– Diesel turbo failures –
Why is it that petrol engines seem to last so much longer than the average turbo-diesel?
The answer is anything but simple.
Try as I may, being simplistic about this issue isn’t going to help.
So here I am going to get a bit technical.
So, if you own or are planning to purchase a turbo-diesel vehicle understand the pitfalls because some are very costly.

I am not advocating staying away from diesel engines but rather an understanding of them will not only prevent huge repair bills in the future but also enable you to get the long life that a diesel engine can deliver if treated correctly.
In 2000 owning a Mercedes 290GDT, I experienced an engine failure which resulted in a huge learning curve for me.
It happened on a trip through Johannesburg so I called Steve from Steve’s Auto Clinic in Vanderbijlpark.
Having more experience with diesels than anyone else I knew, I felt confident I was in safe hands.
To cut a long story short, a blocked air filter had caused an excessive exhaust gas temperature which caused turbo and injector damage.
Two years later, just before this book was published, I purchased another used 290GDT.
I remember the famous quote, “Those who do not learn from history are condemned to repeat it”. I visited Steve and again I was on a learning curve.
In just two years problems with damaged turbochargers in thousands of vehicles had spread from turbo failures to cylinder heads as well. I wanted to know why?
Steve uses an effective analogy.
A new vehicle is like a healthy child, fit and energetic.
The child’s body is like the vehicle’s engine.
Once a child becomes a teenager some begin to smoke, drink or both.
The body begins a path of deterioration, and becomes diseased.
By forty, the equivalent of forty-thousand kilometers, doctors says, “Stop smoking!”.
So the smoking is stopped.
Is the adult suddenly healthy because a bad habit is kicked?
No. Damage has already been done.
A new vehicle drives energetically out of the showroom.
In the case of a diesel engine it is often mishandled recklessly; like the teenager on a binge.
Driving a turbo-diesel at full power for long periods, hauling heavy trailers up steep hills at full power, hour after hour of speeding down to the coast at 150 kph.
That’s how to abuse a turbo-diesel.
These engines are not designed to work this way and it damages them!
So if you want your vehicle to perform these tasks, buy a petrol!
Petrol car engines are more suitable than diesels for running at full power over long periods.
The advice on fitting a exhaust gas temperature gauge early in the vehicle’s life cannot be over emphasized.
Drivers inadvertently abusing the engine, driving it in a manner which over stresses it will be warned by the gauge and buzzer.
This is one of the problems with buying a used turbo-diesel.
Fitting an EGT gauge after the vehicle has covered 50 000 km is like a forty year old quitting smoking.
The damage has been done.
Not smoking at all is the most desirable: never abusing the engine because a gauge is telling you that you are. It’s a bit like a government health warning, but instead it reads, “RUNNING THIS ENGINE LIKE THIS WILL SERIOUSLY DAMAGE YOUR WEALTH”.
Does the fitting of a EGT gauge effect the warranty?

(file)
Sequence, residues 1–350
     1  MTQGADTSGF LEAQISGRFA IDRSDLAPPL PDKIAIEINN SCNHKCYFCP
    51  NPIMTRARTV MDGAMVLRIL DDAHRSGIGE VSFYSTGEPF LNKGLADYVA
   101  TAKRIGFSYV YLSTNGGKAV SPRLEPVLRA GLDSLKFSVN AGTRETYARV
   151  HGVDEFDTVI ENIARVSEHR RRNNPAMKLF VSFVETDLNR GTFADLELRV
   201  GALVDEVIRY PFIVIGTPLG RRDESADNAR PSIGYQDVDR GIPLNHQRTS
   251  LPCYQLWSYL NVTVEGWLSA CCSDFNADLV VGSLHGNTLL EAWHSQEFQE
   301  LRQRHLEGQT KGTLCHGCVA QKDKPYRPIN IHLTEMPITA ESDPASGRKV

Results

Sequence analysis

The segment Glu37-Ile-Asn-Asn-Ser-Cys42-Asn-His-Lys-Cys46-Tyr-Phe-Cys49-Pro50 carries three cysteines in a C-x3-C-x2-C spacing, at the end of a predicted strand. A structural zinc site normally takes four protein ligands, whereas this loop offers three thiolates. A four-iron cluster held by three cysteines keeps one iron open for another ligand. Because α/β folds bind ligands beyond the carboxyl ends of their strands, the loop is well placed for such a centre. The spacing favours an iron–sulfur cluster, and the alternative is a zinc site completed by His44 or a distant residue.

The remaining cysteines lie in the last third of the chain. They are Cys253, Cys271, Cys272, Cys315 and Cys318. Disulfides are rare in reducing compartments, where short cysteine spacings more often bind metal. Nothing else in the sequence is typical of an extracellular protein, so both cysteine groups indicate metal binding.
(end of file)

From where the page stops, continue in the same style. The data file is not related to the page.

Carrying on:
No and Yes.
It can in no way have a negative effect on the engine as it is fitted to the exhaust.
A bloody-minded dealership may claim it has an effect in an attempt at avoiding a claim, but I was told by Steve that never, in any one of their nine branches has Steve’s Auto Clinic seen a warranty claim discarded due to an aftermarket fitment of either an EGT gauge or intercooler.
Modern diesels are mostly alloy head and block.
With cast iron engines high EGT caused turbo and injector damage.
With modem alloy engines high EGT often leads to head, valve and pre-combustion chamber damage as well.
But how can he be so sure it is high EGT that’s causing the damage?
Writers in magazines have come up with other theories, but 99 out of 100 turbo-diesels in for turbo or cylinder head damage are clearly caused by excessive combustion temperatures.
Heat fatigue shows itself by cracks as the metal changes its form.
I was one of the rare ‘lucky’ ones as my new G seemed to be in good shape.
“It happens very rarely that we see a turbo-diesel vehicle over 50K with no damage”, Steve told me.
He explained that many vehicles without particularly high mileage arrive for a conversion of some sort.
Sometimes they even try to talk the customer out of it because a diagnostic test tells a tale that the engine is likely to have a major failure before 100 000 kms.
While the damage has been done it is lying invisible inside the engine but it can’t be proven without taking the engine apart.
Should they do a modification, even an intercooler, it is often perceived to have contributed to the failure.
It’s a real problem.
Diesel engines are happiest when driven on or close to the revs that produce the highest torque.
At higher revs, torque drops off and while power increases so does the temperature generated.
The result is high fuel consumption and high engine temperatures.
This is why above 140 kph most diesel engines will consume about as much fuel as a similar petrol vehicle.
At this speed the petrol engine is happiest, revving high and burning its fuel efficiently, while a diesel is at high-stress, running hot and burning fuel inefficiently.
So when considering a new or used vehicle, think about what kind of driver you are.
If you are towing, buy a petrol.
If you want the economy of diesel, decide now that long stretches at high speeds are a thing of the past.
If the vehicle is used do a diagnostic test to see if damage has been done and if its new fit an EGT gauge without delay and reset the diesel pump on an active dyna to limit the combustion temperatures before damage is done.